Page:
IBM took a major step last week in its plan to remain at the forefront of storage technology by introducing two new disk arrays -- the DS6000 for the upper midrange market and the DS8000 for the high-end market. Both systems are designed for ease-of-use and modular for lower cost. They also feature high-end storage capabilities and virtualization technology, all in systems considerably smaller than previous versions.
The high-end disk array DS8000 features advanced 64-bit Power5 processing capabilities, available in two-way and four-way controller configurations, with eight-way and 12-way versions planned for the future. The four-way configuration will scale up to 192TB of storage. The DS8000 will connect to other vendors' storage systems and uses the SVC (SAN Volume Controller) for virtualization. The DS6000 is built on IBM's Power4 processor and comes in a 3U cabinet configuration that supports 16 drives and 13 expansion drawers. It supports as much as 67TB of storage and 4GB of cache.
Bill Zeitler, senior vice president of IBM's systems and technology group, said he thinks the storage market will shift from one in which vendors are in control to one in which customers hold sway. "This is not IBM taking the storage proposition to market, this is IBM and a lot of partners," Zeitler said. "It is not IBM standing alone that will bring choices to market."
IBM customer Bob Venable, enterprise systems manager at Blue Cross Blue Shield of Tennessee, said his company's storage has grown by a factor of 10 in the last four years, while the staff that manages that storage has been reduced. "Soft [logical portioning] is the key," Venable explained. "We've taken it down from the mainframe to Unix." Venable plans to also partition on Windows and Linux systems, but has not done so yet.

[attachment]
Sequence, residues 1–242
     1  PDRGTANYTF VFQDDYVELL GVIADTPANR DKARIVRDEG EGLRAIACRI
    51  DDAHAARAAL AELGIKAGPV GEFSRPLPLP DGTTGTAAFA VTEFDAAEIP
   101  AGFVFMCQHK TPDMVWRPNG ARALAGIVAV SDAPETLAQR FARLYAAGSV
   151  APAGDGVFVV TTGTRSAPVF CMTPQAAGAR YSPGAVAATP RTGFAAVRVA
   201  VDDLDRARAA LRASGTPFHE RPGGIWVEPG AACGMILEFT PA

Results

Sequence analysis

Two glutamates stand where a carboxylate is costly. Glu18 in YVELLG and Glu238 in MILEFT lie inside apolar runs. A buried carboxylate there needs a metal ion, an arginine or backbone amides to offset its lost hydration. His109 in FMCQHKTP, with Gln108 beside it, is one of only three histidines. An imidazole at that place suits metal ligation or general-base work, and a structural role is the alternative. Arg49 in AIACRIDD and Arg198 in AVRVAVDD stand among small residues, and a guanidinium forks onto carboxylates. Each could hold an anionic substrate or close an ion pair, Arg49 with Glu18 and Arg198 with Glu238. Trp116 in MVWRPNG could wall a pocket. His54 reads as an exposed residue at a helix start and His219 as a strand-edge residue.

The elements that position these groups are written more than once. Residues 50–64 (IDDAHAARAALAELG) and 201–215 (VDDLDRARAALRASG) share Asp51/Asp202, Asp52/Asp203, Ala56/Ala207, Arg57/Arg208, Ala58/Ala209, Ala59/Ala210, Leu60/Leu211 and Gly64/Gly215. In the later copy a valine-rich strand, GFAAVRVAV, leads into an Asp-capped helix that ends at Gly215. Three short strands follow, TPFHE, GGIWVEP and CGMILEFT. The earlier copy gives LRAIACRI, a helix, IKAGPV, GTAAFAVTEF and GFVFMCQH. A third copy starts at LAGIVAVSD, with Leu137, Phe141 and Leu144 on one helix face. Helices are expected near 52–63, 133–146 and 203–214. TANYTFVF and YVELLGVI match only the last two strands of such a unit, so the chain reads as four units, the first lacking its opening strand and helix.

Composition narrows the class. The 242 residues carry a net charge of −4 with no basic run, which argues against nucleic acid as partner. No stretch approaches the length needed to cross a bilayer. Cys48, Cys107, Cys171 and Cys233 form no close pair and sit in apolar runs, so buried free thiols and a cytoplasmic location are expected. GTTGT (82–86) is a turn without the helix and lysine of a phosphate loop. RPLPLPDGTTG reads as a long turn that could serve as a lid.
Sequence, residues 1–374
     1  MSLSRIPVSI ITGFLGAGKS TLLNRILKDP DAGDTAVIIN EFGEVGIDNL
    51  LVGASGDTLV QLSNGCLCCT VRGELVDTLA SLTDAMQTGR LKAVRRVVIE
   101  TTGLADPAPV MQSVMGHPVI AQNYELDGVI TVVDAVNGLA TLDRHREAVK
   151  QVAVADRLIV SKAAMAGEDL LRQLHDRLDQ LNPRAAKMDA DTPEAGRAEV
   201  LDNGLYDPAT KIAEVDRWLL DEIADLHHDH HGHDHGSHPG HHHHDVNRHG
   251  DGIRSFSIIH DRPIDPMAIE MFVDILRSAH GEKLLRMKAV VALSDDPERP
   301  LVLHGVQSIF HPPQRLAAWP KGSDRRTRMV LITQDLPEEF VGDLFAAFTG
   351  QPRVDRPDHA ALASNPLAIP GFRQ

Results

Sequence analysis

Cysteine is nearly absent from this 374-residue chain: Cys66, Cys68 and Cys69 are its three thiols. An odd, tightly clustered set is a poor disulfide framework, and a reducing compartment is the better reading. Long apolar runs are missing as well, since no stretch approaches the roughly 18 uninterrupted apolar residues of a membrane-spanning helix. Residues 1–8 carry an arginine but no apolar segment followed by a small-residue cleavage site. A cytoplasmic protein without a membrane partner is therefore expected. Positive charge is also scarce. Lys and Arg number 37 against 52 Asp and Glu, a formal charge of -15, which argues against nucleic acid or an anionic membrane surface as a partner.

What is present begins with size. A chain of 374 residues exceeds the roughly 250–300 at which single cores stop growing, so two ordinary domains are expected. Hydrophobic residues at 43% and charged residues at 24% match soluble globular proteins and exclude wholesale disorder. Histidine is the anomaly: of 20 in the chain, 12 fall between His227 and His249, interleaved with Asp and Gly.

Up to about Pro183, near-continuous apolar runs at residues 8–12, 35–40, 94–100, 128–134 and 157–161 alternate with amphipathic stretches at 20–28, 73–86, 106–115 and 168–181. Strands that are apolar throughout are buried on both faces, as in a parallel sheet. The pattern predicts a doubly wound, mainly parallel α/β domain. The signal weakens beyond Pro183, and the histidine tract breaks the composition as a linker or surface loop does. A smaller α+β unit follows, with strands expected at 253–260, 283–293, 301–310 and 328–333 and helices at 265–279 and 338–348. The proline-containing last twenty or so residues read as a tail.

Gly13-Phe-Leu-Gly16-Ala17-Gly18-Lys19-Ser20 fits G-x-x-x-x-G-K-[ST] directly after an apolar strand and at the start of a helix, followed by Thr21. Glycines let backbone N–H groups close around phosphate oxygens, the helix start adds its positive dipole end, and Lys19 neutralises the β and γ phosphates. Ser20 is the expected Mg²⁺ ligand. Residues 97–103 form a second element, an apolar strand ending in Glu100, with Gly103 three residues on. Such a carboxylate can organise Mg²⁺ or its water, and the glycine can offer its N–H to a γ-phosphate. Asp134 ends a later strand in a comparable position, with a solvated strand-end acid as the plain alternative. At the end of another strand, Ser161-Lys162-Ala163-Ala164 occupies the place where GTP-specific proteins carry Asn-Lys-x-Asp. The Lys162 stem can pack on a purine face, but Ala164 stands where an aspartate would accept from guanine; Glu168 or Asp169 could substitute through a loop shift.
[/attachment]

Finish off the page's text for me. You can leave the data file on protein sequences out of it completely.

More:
A report from research company PacificCrest says the new offerings should help IBM, particularly in the midrange market. The report says that the DS6000 "will extend some of IBM's high-end functionality into the fast-growing midrange storage market segment."
The two systems compete with systems from EMC and Hitachi Data Systems (HDS). The DS8000 competes with EMC's Symmetrix platform, while the DS6000 rivals EMC's Clariion and HDS' new TagmaStore Universal Storage Platform, which was announced last month.
IBM's competitors were quick to comment on the announcements with some backhanded compliments.
"In a way, their approach to having the functionality residing on the intelligent switches and the like validates our approach," said Claus Mikkelsen, senior director of storage applications at HDS.
IBM does handle some storage issues differently. For instance, virtualization takes place at the chip level, meaning the DS8000 can divide servers into LPARs (logical partitions). Each LPAR can run and maintain separate storage systems running different code. HDS does virtualization in the controller, while EMC plans to do virtualization on intelligent switches.
According to IDC, IBM had 21.7 percent of the market share in the high-end storage market in 2003, while EMC held the largest share with 34.9 percent.